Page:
by John Schrup
This is the first of a four part series that will cover the much anticipated release of the Brooks Pure Project line. The first will cover the background of the Pure Project and we will wear test the Pure Connect.
Back in April, Ruth and I were invited to Brooks HQ to spend time with the Brooks family and to learn of the new line of footwear they would introduce in October. There were all sorts of pomp and circumstance, cleverly masked as a sales symposium, designed to make us all drink the Brooks koolaid and get all kinds of excited for the Pure Project introduction.
And for many of us in attendance, it worked. The Brooks marketing machine is quite adept, and while not on the scale of Nike, it is obviously doing something right. Brooks is the number one brand in running specialty, and they didn’t get there on their product alone. The product is just about as good as it gets, but without proper marketing, even the best product is overlooked.
I had been to similar presentations from other companies, and so took it all with a grain of salt, and tried as best I could to read between the lines, to see what it was they were really doing, rather than what they were telling us they were doing.
Without going into all the gory details, Brooks took a different path in the marketing of this new “minimalist” or “natural running” line. Whereas Saucony and New Balance introduced their new lines of footwear as something more biomechanically sound or appropriate, the Pure Project marketing was focused on lifestyle choices. Obviously, the differences in marketing strategies are rooted in the company outlook, market-wise. Brooks is number one in the industry, and to suggest that a lower profile, lower offset shoe is biomechanically more appropriate for the human body than, say, the Adrenaline—the best selling shoe in the country–would be to shoot themselves in the foot. They have to play it safe. On the other side, Saucony and New Balance can afford to be more aggressive with their marketing, as they hold considerably smaller market shares and to take risks is much more attractive to them.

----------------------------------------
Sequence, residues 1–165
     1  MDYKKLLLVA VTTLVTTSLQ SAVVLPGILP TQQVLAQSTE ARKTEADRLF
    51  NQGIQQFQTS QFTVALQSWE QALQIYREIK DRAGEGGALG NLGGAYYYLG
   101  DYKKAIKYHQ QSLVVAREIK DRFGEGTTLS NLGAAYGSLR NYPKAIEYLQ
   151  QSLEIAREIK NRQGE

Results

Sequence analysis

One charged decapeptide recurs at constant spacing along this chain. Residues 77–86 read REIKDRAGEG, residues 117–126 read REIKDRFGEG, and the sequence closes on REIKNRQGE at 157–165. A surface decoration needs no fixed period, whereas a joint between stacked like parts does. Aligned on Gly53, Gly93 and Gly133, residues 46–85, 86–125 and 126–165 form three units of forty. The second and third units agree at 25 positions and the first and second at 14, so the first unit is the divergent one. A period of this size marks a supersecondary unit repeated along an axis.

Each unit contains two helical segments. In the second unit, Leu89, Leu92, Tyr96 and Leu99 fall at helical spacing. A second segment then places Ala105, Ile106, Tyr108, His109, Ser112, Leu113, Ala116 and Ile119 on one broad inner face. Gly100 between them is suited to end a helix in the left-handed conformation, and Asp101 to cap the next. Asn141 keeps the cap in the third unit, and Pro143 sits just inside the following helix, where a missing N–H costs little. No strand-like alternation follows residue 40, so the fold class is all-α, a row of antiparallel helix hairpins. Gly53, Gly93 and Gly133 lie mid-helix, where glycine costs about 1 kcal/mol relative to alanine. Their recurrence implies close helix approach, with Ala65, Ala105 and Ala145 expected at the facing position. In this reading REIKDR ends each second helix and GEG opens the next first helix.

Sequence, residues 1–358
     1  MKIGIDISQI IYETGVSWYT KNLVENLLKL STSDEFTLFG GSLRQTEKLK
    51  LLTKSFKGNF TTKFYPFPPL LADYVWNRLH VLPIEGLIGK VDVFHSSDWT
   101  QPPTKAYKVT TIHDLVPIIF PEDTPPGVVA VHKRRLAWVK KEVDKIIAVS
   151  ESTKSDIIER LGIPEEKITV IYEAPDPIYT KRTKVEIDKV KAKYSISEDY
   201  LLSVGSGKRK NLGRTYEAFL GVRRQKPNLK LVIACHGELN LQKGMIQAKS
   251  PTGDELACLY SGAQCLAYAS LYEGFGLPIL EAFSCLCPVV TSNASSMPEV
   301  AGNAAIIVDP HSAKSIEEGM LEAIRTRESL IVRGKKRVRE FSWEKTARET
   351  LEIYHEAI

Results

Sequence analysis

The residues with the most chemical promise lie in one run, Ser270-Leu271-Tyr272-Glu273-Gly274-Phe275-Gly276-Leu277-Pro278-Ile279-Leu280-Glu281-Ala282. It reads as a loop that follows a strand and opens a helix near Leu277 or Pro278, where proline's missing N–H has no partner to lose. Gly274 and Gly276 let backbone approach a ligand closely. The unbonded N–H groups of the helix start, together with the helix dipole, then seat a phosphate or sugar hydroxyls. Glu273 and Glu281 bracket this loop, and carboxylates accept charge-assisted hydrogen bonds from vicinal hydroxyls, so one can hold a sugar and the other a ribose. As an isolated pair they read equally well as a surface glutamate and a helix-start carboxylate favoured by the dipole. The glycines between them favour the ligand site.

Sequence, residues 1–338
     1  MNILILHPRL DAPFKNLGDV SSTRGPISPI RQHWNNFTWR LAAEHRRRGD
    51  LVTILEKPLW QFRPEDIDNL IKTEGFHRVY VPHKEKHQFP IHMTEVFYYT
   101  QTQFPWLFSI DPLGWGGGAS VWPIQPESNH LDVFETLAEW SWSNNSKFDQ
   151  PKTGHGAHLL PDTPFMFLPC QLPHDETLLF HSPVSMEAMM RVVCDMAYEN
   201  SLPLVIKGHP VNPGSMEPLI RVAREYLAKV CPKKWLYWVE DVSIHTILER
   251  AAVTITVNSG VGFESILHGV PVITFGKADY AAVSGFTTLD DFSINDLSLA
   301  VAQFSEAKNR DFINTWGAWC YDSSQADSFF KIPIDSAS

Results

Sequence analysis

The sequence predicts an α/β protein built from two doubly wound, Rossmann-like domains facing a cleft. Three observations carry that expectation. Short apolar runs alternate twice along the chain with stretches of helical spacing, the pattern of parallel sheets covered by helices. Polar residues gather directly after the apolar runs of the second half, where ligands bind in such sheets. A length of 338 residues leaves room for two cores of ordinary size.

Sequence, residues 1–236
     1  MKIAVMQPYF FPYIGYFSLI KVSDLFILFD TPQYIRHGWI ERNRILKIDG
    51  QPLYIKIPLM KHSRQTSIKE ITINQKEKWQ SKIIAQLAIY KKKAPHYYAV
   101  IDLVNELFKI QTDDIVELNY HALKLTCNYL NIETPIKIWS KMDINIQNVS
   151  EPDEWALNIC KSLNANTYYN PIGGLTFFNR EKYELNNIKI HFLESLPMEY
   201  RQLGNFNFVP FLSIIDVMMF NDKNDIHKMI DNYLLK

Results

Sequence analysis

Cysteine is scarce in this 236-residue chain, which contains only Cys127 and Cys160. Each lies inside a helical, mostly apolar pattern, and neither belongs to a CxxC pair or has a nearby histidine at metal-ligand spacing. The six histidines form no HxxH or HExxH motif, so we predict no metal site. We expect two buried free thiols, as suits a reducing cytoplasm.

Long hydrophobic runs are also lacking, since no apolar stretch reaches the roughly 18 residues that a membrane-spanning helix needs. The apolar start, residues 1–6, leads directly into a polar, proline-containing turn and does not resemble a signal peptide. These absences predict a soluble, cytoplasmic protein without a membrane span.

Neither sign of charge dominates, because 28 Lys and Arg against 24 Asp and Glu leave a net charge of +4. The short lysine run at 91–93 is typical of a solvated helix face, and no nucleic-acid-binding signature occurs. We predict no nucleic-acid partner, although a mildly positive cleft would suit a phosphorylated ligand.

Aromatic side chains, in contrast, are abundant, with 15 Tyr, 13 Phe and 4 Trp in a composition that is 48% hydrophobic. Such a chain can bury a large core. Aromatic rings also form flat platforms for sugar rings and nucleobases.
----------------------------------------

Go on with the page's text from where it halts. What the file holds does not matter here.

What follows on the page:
The Pure Project line is designed for those who would rather “feel” their runs than “float” through them. Ok. Whatever. The idea being that on one particular day, you might want to float through your run, unconnected to the moment, lost in your i-Pod world and protected by your Adrenalines and Ghosts from all that is running. On another day, you want to get down and dirty with your run, feel it, taste it, your Pure Connects helping you dive through corners and spring up hills, and to paraphrase one of the 20th century’s great philosophers, Ty Webb, “Be the run.”
Again, whatever. The idea behind lowering the heel of a shoe relative to the forefoot is all about allowing the body to run in a more natural position, and not about warm, fuzzy, feel-good unicorns and rainbows running vs. sweat and spit, nimble, heart thumping, aerobic engine block running. Just ain’t so. But Brooks wants you to believe that so that you’ll buy both an Adrenaline and a Pure Cadence.
The Shoe (Pure Connect)